Defendants first argue that the complaint fails to state a cognizable claim under Section 10(b) of the Securities Exchange Act and Rule 10b-5 promulgated thereunder. The necessary elements of a Section 10(b) claim are: (1) damage to the plaintiff, (2) caused by reliance on the defendant's misrepresentations or omissions of material facts, or a scheme by the defendant to defraud, (3) made with an intent to deceive, manipulate or defraud, (4) in connection with the purchase or sale of securities, and (5) furthered by the defendant's use of the mails or any facility of a national securities exchange. See Packer v. Yampol, 630 F. Supp. 1237, 1240 (S.D.N.Y. 1986); Lloyd v. Industrial Bio-Test Laboratories, Inc., 454 F. Supp. 807, 810 (S.D.N.Y. 1978). Defendants contend that the complaint is insufficient because it does not allege the elements of (a) misrepresentations of material fact, (b) intent to defraud "in connection with" the purchase of a security, (c) causation, or (d) reasonable reliance.

In order for misrepresentations to give rise to a Section 10(b) claim, they must be made "in connection with" the purchase or sale of a security. Misrepresentations which are unrelated to the securities themselves do not fall within the ambit of the federal securities laws.

  The purpose of § 10(b) and Rule 10b-5 is to protect
  persons who are deceived in securities transactions
  — to make sure that buyers of securities get what
  they think they are getting and that sellers of
  securities are not tricked into parting with
  something for a price known to the buyer to be
  inadequate or for a consideration known to the
  buyer not to be what it purports to be. Chemical
  Bank v. Arthur Andersen & Co., 726 F.2d 930, 943
  (2d Cir.), (Friendly, J.) cert. denied,
  469 U.S. 884, 105 S.Ct. 253, 83 L.Ed.2d 190 (1984).

The Second Circuit Court in Chemical Bank held that misrepresentations or omissions "involved in a securities transactions but not pertaining to the securities themselves" could not form the basis of a § 10(b) violation. Id. Following the teachings of Chemical Bank, the district court in Siegel v. Tucker, Anthony & R.L. Day, Inc., 658 F. Supp. 550 (S.D.N Y 1987), dismissed a Section 10(b) complaint because the alleged misrepresentations were not made "in connection with" the purchase of any particular security but were made in connection with inducing plaintiff to open a securities account with defendants. See, Wilson v. First Houston Inv. Corp., 566 F.2d 1235 (5th Cir. 1978).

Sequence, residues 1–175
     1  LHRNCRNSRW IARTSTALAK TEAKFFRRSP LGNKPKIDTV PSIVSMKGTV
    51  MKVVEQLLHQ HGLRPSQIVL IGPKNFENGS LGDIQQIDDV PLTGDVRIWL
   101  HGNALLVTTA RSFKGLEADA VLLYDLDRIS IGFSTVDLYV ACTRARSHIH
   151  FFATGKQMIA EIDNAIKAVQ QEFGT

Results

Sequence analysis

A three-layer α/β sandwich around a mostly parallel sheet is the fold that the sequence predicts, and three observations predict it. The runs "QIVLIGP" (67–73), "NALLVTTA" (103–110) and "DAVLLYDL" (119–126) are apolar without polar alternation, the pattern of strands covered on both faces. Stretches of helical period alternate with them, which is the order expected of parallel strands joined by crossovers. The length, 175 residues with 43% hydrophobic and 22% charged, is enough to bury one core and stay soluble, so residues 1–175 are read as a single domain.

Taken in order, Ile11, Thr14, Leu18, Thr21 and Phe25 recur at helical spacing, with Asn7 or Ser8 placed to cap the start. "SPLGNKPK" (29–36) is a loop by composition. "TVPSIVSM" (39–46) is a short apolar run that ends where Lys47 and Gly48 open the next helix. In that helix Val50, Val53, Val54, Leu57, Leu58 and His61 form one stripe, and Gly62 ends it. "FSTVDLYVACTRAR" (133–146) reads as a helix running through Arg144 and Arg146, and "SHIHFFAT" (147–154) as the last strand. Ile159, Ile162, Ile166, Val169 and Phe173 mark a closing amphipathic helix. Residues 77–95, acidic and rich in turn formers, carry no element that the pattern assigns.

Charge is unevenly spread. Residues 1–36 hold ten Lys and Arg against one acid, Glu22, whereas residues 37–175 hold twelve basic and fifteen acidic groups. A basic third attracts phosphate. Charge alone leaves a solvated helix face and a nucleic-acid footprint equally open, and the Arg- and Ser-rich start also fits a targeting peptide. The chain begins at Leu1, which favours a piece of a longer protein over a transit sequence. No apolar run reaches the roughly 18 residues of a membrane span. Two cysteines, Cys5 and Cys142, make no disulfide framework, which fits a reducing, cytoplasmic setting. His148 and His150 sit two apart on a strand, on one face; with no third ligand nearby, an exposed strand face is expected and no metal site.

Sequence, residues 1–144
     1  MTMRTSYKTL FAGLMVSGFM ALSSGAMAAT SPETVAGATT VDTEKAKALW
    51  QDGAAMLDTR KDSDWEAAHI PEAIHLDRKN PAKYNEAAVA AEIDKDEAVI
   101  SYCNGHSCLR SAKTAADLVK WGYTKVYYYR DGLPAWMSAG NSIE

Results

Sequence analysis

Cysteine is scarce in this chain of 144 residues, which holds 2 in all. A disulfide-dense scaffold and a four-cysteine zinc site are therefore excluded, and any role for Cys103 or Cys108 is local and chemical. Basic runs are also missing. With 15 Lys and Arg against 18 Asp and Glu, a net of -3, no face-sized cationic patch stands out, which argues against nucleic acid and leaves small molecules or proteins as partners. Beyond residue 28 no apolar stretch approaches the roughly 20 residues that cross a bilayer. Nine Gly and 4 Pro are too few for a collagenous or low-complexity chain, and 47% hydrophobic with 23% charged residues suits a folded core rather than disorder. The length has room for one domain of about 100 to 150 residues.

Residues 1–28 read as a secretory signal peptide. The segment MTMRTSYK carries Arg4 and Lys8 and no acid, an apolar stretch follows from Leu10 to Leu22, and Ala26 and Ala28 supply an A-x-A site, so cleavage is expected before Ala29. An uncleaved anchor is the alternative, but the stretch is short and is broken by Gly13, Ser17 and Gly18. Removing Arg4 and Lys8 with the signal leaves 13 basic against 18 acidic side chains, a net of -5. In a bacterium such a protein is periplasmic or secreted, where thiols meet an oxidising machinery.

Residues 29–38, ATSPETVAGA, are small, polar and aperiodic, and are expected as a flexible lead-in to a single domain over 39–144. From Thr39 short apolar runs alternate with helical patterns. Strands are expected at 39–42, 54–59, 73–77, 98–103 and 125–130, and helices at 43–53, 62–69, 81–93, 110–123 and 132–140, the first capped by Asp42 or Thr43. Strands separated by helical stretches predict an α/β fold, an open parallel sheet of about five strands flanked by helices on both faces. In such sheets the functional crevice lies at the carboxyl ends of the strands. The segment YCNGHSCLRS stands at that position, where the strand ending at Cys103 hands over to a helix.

In the instant case, the complaint alleges that Goldberg induced plaintiff to do business with Goldberg & Co. by stating that he would personally handle her account; that he would implement a safe and conservative investment program tailored to her needs which would provide complete safety of principal and a reasonable rate of return; that defendants' clients always enjoyed complete safety and a high return; and that defendants were highly experienced financial planners. Complaint ¶¶ 11, 16, 19. Defendants correctly maintain that such representations of conservative management and general investment advisory services manifestly did not pertain to the value or quality of any specific securities purchased by plaintiff but were related to defendants' attempt to gain plaintiff's business. As such, the Court finds these alleged misrepresentations, identical to those in Siegel, to be insufficient to state a Section 10(b) claim.

While defendants' self-praising business solicitation, taken alone, would not support plaintiff's securities claim, plaintiff's allegations of misrepresentations continue:

    [T]he defendants for each and every limited
  partnership investment prepared and gave
  plaintiff a one or two page outline ("Outline")
  in lieu of her having to "wade through" the
  offering memoranda.
    Each of these Outlines were materially false
  and misleading in at least the following respects
  and intentionally omitted any mention that some
  or all of the limited partnerships were: a)
  highly speculative; b) high risk; c) highly
  leveraged; d) illiquid and that there was no
  resale market for the investment; e) based on
  highly favorable assumptions of future viability
  of the investment in question when in many cases
  the property had no business history and was a
  start-up operation; . . . and h) were subject to
  payments of undisclosed excessive commissions and
  other payments which would not be put to use in
  the ...